At one point, the Big Data trend–sorting and sifting large data sets with new tools in pursuit of surfacing meaningful angles on stored information–was an enterprise-only story, but now businesses of all sizes are looking into tools that can help them glean meaningful insights from the data they store. As we’ve noted, the open source Hadoop projecthas been one of the big drivers of this trend, and has given rise to commercial companies that offer custom Hadoop distributions, support, training and more. Cloudera and Hortonworks are leading the pack among these Hadoop-focused companies.
Front ends for working with Hadoop, which make it easier to sift large data sets, are also appearing. Talend, which offers a number of open source middleware solutions, is out with a new one, and Microsoft is making it easier to work with Hadoop from the Excel spreadsheet.
Talend Open Studio for Big Data, which provides a front end for easily working with Hadoop to mine large data sets, has just been announced and is released under an Apache license. According to a post on Virtual Strategy:
“Talend Open Studio for Big Data is a powerful and versatile open source solution for data integration that dramatically improves the efficiency of integration job design through an easy-to-use graphical development environment. Talend Open Studio for Big Data provides native support for Hadoop Distributed File System (HDFS), Pig, HBase, Sqoop and Hive. By leveraging Hadoop’s MapReduce architecture for highly-distributed data processing, Talend generates native Hadoop code and runs data transformations directly inside Hadoop for maximum scalability. This feature enables organizations to easily combine Hadoop-based processing, with traditional data integration processes, either ETL or ELT-based, for superior overall performance.”
“Thanks to Talend Open Studio for Big Data, users of Hortonworks Data Platform will be able to greatly simplify the deployment of Hadoop. Talend Open Studio for Big Data abstracts the complexity of Hadoop and its ‘interfaces’ (specifically Pig, HBase, Sqoop and Hive) by allowing graphical design of the big data integration jobs, and generating native MapReduce code. It alleviates the need for a deep, technical understanding of MapReduce and the different components of Hadoop. And, equally important, it brings to the table over 450 connectors to ‘the rest’ of the information system – integrating enterprise data into Hadoop.”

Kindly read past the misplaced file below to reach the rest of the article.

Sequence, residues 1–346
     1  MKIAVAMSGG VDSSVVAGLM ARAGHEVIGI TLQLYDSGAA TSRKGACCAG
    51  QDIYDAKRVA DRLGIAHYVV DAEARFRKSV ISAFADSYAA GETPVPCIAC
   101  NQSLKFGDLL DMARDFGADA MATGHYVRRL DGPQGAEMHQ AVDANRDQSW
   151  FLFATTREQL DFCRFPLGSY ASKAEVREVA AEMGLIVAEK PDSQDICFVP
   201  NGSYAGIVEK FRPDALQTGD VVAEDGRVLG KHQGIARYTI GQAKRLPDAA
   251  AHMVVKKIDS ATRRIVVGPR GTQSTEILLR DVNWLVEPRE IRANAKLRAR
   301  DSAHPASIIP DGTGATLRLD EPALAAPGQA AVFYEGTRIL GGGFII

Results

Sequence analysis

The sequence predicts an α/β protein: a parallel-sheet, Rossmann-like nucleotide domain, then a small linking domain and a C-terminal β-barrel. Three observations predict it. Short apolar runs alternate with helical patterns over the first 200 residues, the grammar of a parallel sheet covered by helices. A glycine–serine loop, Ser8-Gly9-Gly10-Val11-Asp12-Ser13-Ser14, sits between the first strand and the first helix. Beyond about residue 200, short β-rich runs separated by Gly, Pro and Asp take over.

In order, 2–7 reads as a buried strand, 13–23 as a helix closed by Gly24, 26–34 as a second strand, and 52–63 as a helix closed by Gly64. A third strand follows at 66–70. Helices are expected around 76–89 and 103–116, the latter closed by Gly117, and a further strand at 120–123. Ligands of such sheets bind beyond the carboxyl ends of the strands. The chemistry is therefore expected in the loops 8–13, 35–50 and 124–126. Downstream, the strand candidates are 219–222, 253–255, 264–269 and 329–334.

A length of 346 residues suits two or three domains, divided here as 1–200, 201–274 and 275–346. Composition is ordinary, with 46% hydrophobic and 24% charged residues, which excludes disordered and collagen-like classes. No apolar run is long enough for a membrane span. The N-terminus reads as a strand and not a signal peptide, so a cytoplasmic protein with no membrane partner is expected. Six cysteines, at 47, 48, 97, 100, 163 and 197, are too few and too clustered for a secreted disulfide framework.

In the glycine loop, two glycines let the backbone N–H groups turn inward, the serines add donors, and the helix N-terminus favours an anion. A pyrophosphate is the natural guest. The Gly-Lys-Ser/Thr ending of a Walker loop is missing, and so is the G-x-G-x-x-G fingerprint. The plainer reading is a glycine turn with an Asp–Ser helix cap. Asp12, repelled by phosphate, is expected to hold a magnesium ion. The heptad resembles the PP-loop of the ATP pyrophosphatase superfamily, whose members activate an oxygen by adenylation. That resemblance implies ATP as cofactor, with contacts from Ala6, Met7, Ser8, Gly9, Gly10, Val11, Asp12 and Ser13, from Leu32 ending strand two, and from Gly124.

Meanwhile, as noted in a GigaOM post, Rob Bearden, CEO of Hortonworks and former COO of JBoss and SpringSource, says that Hadoop “has an opportunity to be bigger than those two companies, as well as open source database MySQL, combined.” Hadoop has become an open source phenomenon.
Hortonworks is also working with Microsoft to link the Excel spreadsheet to Hadoop, according to Computerworld:
“Microsoft is developing a connector that will allow Excel users to download and analyze output from Hadoop, potentially opening the open-source data processing platform to a much wider audience. Microsoft is working on the connector with Hortonworks, a Yahoo spinoff that offers a Hadoop distribution and commercial support services.”
“The connector will be an ODBC (Online Database Connector) that interacts with Hadoop through the Hive data warehouse system,” Computerworld reports.
If you or your organization have been interested in working with Hadoop, the tools for doing so are becoming more varied and more approachable. As we noted here, Hadoop skills are very highly valued in the tech job market at this point, and we have also written about Hortonworks University, which focuses on teaching Hadoop skills. You can find a class near you and register here.